6 Winter Survival Myths Debunked
In most cases, whatever situation you may be in, survival ultimately comes down to one thing - knowledge. All the fanciest gear in the world could amount to nothing without the proper knowledge of both your body and the environment you're surrounded by.
1. Rub frostbitten skin
Don’t. Ever. Frostbite occurs when ice crystals form in your skin and other tissues. Rubbing the injury causes more tissue damage as the ice crystals lacerate new cells. Instead, treat the victim with painkillers as you slowly rewarm the tissue—frostbite hurts!
2. Drinking liquor will warm you up
We’ve probably all seen the cartoon depicting a Saint Bernard dog with a cask of brandy around his neck reviving some avalanche victim. But liquor is the last drink you need in a cold-weather survival scenario. Although you may feel warmer, alcohol actually dilates skin-surface blood vessels and capillaries, which will chill your core even faster. Instead, drink hot tea or cocoa.
3. All base layers work equally well
Not true. Cotton kills—or, at least, could lead to hypothermia if you rely on it as your primary base layer in cold weather. It’s a great fabric to wear around the house, and it has great applications in hot, dry climates. But once cotton gets wet, it loses its insulating properties. Before you even break a sweat, normal skin moisture will soak into the cotton fibers and start to cool your body through conduction. These fibers can hold up to 27 times their weight in water and then store that moisture up to eight times longer than synthetics or wool. This doesn’t just leave you feeling clammy—it steals vital heat from your core. If it’s cold enough for long johns, then it’s too cold for cotton.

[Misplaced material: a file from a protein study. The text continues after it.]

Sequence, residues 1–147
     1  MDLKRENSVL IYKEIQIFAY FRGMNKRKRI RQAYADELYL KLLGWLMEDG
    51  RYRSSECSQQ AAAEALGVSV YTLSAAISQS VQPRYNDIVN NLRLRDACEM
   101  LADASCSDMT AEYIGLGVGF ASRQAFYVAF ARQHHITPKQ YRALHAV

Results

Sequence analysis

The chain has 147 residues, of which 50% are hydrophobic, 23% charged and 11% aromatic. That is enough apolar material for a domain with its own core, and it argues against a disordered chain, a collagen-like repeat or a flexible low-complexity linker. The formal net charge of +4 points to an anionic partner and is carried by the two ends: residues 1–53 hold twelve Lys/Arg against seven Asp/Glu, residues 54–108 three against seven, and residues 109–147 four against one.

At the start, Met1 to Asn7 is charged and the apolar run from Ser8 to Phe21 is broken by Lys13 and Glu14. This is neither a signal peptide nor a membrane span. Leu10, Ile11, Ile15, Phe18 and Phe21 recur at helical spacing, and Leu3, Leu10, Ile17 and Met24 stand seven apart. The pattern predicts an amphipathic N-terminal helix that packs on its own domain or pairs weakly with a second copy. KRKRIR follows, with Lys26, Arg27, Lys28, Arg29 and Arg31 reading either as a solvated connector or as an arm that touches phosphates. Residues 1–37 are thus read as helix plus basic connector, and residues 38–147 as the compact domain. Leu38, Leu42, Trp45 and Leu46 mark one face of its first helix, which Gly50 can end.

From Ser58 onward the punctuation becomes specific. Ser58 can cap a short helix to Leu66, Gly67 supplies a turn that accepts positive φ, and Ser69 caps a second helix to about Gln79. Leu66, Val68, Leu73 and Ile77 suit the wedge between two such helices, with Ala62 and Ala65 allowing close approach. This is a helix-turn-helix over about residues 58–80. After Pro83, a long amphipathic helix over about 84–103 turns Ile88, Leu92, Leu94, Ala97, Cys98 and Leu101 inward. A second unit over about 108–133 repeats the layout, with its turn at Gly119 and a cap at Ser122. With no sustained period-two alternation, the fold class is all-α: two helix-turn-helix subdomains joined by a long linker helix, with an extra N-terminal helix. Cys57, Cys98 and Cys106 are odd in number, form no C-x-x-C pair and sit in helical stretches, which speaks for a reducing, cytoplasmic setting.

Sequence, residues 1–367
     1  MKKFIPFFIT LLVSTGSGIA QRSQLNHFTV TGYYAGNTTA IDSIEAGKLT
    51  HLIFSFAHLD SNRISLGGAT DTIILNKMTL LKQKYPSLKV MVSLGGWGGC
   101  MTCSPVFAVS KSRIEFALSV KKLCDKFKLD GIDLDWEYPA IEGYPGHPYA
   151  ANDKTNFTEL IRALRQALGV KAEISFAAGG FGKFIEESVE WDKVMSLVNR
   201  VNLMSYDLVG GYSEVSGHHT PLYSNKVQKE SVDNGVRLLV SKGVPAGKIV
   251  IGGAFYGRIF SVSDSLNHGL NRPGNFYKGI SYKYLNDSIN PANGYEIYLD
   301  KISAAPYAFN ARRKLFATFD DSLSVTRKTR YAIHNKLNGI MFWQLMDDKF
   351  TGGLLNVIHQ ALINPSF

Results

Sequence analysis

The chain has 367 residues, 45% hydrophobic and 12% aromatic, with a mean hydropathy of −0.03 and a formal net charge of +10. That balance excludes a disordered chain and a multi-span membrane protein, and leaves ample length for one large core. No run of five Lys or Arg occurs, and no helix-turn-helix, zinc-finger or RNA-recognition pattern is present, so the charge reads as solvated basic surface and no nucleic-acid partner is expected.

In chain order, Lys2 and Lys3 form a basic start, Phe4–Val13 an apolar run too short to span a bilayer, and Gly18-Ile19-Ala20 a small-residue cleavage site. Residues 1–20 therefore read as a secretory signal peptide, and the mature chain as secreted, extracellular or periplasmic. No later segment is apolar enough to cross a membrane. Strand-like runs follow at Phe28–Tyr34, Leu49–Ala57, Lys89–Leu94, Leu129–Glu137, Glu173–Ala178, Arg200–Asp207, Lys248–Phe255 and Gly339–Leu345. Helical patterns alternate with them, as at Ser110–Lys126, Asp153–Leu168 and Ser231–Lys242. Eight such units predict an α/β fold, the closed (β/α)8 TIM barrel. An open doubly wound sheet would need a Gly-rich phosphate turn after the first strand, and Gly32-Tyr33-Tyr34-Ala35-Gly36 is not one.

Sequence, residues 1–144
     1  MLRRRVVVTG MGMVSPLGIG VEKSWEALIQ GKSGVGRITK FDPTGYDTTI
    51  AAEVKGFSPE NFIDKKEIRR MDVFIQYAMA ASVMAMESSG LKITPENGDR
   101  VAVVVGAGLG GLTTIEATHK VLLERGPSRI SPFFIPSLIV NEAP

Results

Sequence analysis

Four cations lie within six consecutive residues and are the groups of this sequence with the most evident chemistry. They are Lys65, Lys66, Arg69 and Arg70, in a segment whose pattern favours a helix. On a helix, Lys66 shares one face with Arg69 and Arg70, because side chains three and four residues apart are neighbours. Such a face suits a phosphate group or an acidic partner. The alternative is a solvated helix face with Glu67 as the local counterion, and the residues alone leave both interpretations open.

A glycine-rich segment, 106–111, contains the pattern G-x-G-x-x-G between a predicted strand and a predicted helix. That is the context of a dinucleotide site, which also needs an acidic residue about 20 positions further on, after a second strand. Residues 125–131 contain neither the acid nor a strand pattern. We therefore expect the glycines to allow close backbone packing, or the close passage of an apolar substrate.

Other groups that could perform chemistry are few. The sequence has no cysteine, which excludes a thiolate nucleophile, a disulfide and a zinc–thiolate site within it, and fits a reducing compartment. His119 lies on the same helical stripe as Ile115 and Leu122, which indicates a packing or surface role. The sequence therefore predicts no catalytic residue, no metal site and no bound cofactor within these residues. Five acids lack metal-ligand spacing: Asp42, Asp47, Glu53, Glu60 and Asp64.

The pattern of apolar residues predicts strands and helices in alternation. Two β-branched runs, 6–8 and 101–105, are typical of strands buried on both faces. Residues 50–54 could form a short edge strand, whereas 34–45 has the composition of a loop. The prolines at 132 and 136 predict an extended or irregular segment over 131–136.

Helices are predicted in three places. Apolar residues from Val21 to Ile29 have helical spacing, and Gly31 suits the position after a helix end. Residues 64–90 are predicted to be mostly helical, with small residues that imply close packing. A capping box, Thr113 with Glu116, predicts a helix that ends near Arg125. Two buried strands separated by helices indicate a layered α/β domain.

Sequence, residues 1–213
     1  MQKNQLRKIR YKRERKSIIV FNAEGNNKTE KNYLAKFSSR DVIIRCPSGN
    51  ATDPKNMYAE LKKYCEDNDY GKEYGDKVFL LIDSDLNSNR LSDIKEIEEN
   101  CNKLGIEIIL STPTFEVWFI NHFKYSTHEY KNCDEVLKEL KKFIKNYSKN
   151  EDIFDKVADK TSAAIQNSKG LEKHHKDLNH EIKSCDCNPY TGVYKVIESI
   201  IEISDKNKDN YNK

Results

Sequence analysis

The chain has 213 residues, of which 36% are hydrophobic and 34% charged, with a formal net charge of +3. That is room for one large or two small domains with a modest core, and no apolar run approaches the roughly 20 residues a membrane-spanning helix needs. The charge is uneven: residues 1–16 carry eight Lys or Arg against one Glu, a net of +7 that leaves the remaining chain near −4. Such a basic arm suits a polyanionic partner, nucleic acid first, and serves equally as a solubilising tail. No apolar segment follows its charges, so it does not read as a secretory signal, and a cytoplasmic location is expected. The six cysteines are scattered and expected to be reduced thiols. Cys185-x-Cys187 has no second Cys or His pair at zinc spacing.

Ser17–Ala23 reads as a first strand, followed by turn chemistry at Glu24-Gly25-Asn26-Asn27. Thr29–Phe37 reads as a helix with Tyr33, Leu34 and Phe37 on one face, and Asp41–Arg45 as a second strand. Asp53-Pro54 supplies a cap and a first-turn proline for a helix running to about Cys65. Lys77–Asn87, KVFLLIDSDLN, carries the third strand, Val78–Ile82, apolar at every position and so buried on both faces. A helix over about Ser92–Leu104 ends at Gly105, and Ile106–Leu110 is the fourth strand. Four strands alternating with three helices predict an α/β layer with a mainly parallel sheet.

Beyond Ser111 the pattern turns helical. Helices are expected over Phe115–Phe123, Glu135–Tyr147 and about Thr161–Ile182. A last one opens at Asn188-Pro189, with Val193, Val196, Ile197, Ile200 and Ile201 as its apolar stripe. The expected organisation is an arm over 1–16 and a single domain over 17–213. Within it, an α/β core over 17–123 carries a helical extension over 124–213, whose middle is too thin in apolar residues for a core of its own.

4. Don’t feed a victim of hypothermia
Normal shock treatment and hypothermia treatment are different—you don’t, for example, want to feed someone who may be going into shock because he can vomit and choke while unconscious. However, in mild to moderate hypothermia cases, high-calorie foods can be given in small, repeated doses to create metabolic heat in the victim and help him restore his own heat-generating ability.
5. Let a hypothermic victim get some sleep
After the shivering, confusion, slurred speech, and clumsiness of hypothermia have manifested, an exposure victim also gets drowsy. This is a serious warning sign because sleep can lead to death. Keep the victim awake as you warm him up.
6. A hot tub will cure hypothermia
Rewarming is the main way to treat someone whose core temperature has dipped far below 98.6 degrees. But dropping somebody in a Jacuzzi will cause excruciating pain and can even trigger a heart attack. Instead, put hot-water bottles in both armpits, or use skin-to-skin rewarming. Never use a high-heat source to treat a hypothermic person.
Photography shot at Elfin Lakes by Hennygraphy